No matter how difficult the path is (and it is difficult, make no mistake), no matter how unsure the possibility of financial gain, a true writer must write. If someone can choose another career, he or she must do so. Because if you feel like you have a choice, you may not make it as a writer. It takes dedication. It takes perseverance. It requires hours and hours of working alone. It requires being able to hold up under a cloud of rejection. Sure, lots of writers work in other occupations, but if you want to write you simply must have the drive to do it. You can’t NOT do it. A writing career is not for the “take it or leave it” personality type. If you do not possess this drive, then do something else because nothing you write will impact readers. And that’s what all readers want–to be heard.

Unique, Meaning Not The Same as Everyone Else

Bethany could not think of another career she’d like to explore. Writing was it for her. So her counselor had no choice but to seek out a published author for her to mentor under.

At the end of the mentorship the programs holds a luncheon to honor the mentors and to show off the students’ final projects. The other mentors present were professionals such as veterinarians, nurses, politicians. They seated me at a table between a forensic scientist and an aerospace engineer. Seriously. The brain power at the table was overwhelming. How could a novelist not find that amusing, and a bit intriguing at the same time.

Mentor student Bethany

Bethany Garrison, my student, with her mentorship project

The head of the program (the gifted coordinator) admitted at the beginning that we would have to be creative. I have no office. I have no procedures to observe or patients to work on or clients to see. And of course, Bethany and I were creative. We talked a lot about writing career choices. We visited a publisher and spoke with some editors. We chatted with my literary agent. She joined my writers meeting one Saturday. And in the end she was the only student who chose the option of making a scrapbook for her project. Very creative, I thought. Yes, she still wants to be a writer. (Despite the reality check I was honor bound to present. Few are able to make a living at being a novelist.) She has no choice but to write, really, because she has that peculiar writer’s virus–a gene, a brain that simply must write or have no rest. (Hmm, I wonder what the genetics researcher would think of that? Yep, that person was a mentor too!)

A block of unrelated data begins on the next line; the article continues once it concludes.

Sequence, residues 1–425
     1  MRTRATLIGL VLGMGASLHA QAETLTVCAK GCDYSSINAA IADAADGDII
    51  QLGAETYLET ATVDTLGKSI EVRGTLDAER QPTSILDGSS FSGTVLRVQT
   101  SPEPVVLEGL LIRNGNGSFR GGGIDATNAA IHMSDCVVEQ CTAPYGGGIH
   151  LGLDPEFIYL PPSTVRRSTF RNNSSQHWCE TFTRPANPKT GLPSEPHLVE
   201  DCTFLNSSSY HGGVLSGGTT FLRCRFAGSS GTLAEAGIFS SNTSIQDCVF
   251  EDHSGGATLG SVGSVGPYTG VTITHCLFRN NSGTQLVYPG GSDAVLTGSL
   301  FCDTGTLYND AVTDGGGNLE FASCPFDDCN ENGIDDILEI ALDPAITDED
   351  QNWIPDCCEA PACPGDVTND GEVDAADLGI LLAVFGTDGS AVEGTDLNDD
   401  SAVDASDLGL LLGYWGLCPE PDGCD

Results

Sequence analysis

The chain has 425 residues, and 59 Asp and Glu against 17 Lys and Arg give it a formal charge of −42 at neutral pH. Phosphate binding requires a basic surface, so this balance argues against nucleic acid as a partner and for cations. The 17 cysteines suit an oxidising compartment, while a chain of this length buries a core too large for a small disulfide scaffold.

The World Needs More Good Writers

Just as much as scientists and engineers. Sure, there are tons of books out there. Plenty of people fancy themselves writers but then never put in the work required to produce high quality books. We don’t need more of those kinds of people. But we do need more books that are so well done that they inspire us to become better people. Bethany strives for excellence. I’m sure she’ll find it. It might be a long time before another high school student requests a writer as a mentor. We are different and not many can understand us. (We really do hear voices in our heads!) But I sincerely hope they invite me to mentor again. It was refreshing to see the author gene alive and growing.

Best wishes to all the young writers out there. Take up your pens and follow your heart!

My 2014 One Word

My One Word, Changing Your Life

My One WordHave you heard of this? Mike Ashcraft and Rachel Olsen wrote a book in which they explain how choosing one word to focus on for an entire year can change your life. The concept involves praying about what God wants to teach you, and that can be both scary and enlightening. Often the word you pick turns out to show you something you hadn’t considered before or you end up needing that message more than you could have ever imagined. You can read more about the book and the whole movement on this website.

My Words

PEACE

Photo: Muff McElfresh

In past years my words have been: Listen, Kindness, Peace, and Focus. Each year I have learned something new about myself and about where God is leading me by meditating on these words, seeking them out in the Bible, and praying over them. Sometimes they are a slap to the head. I’ll just let you imagine what that could mean! 😉